Special issue on best papers of VLDB 2011
- First Online:
The VLDB conference is one of the most renowned venues for presenting advances in the research and practice of data management. The VLDB 2011 conference took place from August 29 to September 3 in Seattle (WA, USA) with more than 750 participants.
Efficiently Adapting Graphical Models for Selectivity Estimation. by Kostas Tzoumas (TU Berlin), Amol Deshpande, Christian S. Jensen.
RemusDB: Transparent High Availability for Database Systems. by Umar Farooq Minhas (University of Waterloo), Shriram Rajagopalan, Brendan Cully, Ashraf Aboulnaga, Kenneth Salem, Andrew Warfield.
OXPATH: A Language for Scalable Data Extraction, Automation, and Crawling on the Deep Web. by Tim Furche (Oxford University), Georg Gottlob, Giovanni Grasso, Christian Schallhart, Andrew Sellers.
Automating the Database Schema Evolution Process. by Carlo A Curino (Microsoft), Hyun J Moon, Alin Deutsch, Carlo Zaniolo.
Keyword Search on Form Results. by Aditya Ramesh, S. Sudarshan (IIT Bombay), Purva Joshi, Manisha Naik Gaonkar
We hope you enjoy these “Best of VLDB 2011” papers—may the papers spark novel research ideas!!!
The first paper “Efficiently Adapting Graphical Models for Selectivity Estimation” of this special issue focuses on a classical problem within database query optimization: how to increase the accuracy of a cost model? Since traditional query optimization techniques are based on the independence assumption of individual columns, even small correlations in the database may results in significant estimation errors and yield a non-optimal plan for a given query. The paper takes a principled and practical approach to the problem by relying on joint probability distributions over pairs of columns within a database. The work also includes an implementation within the PostgreSQL DBMS. Experiments show a significant improvement of query plan quality (with respect to the query runtime) by a moderate increase in optimization time.
The second paper on “RemusDB: Transparent High Availability for Database Systems” presents a novel approach to achieve high availability (HA) for database systems using techniques from operating system. The presented solution is based on Remus, a virtualization layer with core functionality to offer high availability using efficient state replication of virtual machine images. With RemusDB, the authors extended the Remus framework making it database aware by optimizing the replication scheme with respect to tasks only relevant to achieve HA on the database level. Experiments include benchmarks using two DBMSes showing only small overhead in combination with a fast failover. This paper triggers an interesting discussion on whether database services are supposed to be provided by the DBMS itself (the traditional way) or covered by an underlying infrastructure.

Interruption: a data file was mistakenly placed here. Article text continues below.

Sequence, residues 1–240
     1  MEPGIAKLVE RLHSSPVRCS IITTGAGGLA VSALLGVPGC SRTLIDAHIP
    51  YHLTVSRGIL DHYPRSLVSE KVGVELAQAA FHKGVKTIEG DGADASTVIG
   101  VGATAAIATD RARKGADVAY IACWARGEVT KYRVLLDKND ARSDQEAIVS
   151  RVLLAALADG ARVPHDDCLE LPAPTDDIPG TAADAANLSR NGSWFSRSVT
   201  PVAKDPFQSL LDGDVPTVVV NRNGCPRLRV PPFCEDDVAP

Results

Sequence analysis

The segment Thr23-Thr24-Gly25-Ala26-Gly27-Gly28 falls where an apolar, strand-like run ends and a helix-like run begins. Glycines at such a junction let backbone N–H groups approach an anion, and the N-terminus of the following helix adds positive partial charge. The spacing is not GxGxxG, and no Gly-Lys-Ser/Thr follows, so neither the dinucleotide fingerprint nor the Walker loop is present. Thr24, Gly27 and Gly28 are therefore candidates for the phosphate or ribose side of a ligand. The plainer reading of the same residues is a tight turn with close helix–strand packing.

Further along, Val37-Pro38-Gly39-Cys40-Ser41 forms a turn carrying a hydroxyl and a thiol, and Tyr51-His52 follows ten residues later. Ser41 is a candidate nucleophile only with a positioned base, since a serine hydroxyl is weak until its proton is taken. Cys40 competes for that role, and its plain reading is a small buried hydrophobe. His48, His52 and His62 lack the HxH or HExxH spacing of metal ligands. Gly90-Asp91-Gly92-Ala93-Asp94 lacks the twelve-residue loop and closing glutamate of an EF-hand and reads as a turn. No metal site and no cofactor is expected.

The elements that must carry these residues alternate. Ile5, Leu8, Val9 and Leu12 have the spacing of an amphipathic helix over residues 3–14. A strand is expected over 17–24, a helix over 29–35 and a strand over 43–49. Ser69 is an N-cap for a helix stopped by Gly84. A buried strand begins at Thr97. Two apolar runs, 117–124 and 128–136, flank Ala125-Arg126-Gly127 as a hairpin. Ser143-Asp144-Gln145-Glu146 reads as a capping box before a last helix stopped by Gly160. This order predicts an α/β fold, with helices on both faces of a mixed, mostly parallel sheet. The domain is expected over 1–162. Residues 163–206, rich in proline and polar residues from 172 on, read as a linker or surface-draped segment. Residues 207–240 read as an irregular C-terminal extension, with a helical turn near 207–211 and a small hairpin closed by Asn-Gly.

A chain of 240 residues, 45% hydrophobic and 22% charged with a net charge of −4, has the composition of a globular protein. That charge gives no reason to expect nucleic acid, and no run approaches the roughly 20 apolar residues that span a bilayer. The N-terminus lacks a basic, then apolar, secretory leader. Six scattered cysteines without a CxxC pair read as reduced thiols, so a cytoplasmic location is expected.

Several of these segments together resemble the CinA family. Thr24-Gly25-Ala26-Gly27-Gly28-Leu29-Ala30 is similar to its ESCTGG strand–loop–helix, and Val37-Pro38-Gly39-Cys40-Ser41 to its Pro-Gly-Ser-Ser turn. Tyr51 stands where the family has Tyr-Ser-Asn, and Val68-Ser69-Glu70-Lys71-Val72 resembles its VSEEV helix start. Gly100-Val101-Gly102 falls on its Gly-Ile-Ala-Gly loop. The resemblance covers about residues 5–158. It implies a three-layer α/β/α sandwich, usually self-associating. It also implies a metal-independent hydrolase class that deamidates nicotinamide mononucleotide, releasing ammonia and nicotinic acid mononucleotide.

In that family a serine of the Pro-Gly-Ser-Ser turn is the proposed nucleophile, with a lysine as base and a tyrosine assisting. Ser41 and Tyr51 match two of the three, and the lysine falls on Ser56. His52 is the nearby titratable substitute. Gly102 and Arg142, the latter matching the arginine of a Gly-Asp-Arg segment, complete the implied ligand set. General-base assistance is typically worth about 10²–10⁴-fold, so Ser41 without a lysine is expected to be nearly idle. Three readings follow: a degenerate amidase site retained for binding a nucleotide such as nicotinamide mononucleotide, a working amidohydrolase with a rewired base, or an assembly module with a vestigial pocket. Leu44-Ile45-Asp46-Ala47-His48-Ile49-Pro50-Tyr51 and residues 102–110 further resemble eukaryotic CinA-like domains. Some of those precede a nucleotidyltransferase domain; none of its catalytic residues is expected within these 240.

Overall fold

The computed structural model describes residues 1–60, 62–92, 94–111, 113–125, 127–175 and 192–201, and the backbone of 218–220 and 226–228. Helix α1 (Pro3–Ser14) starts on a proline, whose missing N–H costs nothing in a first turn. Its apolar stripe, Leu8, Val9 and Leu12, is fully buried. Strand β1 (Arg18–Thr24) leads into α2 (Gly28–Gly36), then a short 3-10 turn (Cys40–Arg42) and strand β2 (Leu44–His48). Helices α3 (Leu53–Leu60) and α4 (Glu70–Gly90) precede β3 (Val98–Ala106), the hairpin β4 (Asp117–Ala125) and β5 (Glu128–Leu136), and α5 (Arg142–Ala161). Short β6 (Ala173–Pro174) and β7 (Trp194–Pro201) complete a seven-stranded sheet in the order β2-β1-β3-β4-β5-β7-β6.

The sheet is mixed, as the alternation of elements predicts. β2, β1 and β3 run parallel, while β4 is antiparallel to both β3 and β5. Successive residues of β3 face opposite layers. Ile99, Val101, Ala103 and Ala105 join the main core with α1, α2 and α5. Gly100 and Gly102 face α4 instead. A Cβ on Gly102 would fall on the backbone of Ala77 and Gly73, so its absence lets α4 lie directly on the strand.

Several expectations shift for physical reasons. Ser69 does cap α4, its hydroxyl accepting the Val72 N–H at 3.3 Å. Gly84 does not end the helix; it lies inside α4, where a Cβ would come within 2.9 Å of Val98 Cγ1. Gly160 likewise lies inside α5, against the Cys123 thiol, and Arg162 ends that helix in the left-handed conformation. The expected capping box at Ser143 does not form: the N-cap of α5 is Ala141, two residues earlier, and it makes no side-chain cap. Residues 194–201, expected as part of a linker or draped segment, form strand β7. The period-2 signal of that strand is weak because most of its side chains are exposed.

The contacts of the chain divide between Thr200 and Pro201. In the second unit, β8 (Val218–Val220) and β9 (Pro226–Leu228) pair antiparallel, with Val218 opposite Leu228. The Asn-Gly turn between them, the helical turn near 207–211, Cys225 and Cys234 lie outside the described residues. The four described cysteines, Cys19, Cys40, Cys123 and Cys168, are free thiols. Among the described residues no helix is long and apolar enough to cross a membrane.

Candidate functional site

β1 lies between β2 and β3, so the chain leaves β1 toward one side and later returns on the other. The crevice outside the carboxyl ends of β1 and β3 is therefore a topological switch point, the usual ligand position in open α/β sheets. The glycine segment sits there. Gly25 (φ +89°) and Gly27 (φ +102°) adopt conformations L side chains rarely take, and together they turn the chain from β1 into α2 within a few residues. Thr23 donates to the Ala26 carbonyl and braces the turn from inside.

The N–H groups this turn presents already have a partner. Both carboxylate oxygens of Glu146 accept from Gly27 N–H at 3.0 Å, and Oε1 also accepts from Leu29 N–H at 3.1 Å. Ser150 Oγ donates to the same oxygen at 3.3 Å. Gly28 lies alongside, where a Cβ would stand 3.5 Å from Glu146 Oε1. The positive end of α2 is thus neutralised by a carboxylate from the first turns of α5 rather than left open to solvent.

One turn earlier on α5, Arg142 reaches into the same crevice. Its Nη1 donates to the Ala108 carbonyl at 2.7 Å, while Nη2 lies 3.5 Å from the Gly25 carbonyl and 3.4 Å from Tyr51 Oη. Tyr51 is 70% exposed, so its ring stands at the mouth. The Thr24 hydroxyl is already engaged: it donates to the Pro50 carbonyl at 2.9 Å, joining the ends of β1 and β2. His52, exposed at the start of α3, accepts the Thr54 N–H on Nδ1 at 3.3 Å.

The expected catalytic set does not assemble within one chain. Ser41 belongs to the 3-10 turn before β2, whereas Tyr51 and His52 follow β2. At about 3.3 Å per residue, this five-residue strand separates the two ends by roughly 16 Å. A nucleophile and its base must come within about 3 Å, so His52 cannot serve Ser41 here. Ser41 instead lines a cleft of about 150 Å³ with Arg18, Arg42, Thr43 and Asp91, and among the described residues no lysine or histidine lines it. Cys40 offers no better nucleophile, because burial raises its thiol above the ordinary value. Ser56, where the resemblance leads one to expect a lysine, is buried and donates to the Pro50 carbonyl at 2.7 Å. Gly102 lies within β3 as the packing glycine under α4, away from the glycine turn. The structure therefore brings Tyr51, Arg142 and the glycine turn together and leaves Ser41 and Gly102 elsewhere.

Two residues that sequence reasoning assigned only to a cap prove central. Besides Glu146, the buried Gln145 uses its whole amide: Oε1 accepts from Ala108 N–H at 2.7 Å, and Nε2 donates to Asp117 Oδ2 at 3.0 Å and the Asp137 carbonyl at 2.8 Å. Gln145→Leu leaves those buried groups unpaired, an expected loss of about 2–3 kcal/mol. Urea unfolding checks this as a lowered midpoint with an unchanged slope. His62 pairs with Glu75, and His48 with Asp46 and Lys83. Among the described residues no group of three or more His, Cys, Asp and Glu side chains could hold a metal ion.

The contribution “OXPATH: A Language for Scalable Data Extraction, Automation, and Crawling on the Deep Web” provides a new language to cope with the growing variety of information sources on the Web. The paper tackles four different challenges in the context of web data extraction: interaction with different interfaces, capturing precision of extracted data, scaling with the number of web data sources, and embedding into existing technology stacks. The contribution outlines an extension of XPath to significantly improve the web extraction process. Insights into the implementation of these techniques and results of simulation and real benchmark experiments are given showing that OXPATH outperforms existing approaches substantially.
The fourth paper in this special issue may be considered a representative of the wide research field of schema and model management. In the paper “Automating the Database Schema Evolution Process”, the authors focus on automating perspective of schema evolution when migrating a database and rewriting queries and updates. Their approach is based on PRISM/PRISM++ providing the user with a set of schema modification operators plus constraint mapping operators to reflect the migration of existing constraints to the target database model. In addition to the theoretical framework, the paper also outlines two novel tools to automatically collect and provide statistics and recommendation with respect to schema evolution tasks. Experiments with almost 2000 schema evolution steps and over a 100 years of evolution history show the feasibility of the overall approach taken.
The final paper on “Keyword Search on Form Results” investigates the problem of keyword search in enterprise applications considering explicit and implicit form parameters provided by users. The paper presents a technique to “invert” SQL queries based on the queries attached to the form. The paper gives a comprehensive insight into their implementation and reports on good performance in the presence of large databases and large number of forms.
We thank the authors of the invited papers for investing substantial time and effort into extending the original conference version of the papers. We would also like to express our sincere Thank You to the diligent reviewers who provided perspective, advice, and keen assessment of the submissions. We hope you enjoy this issue.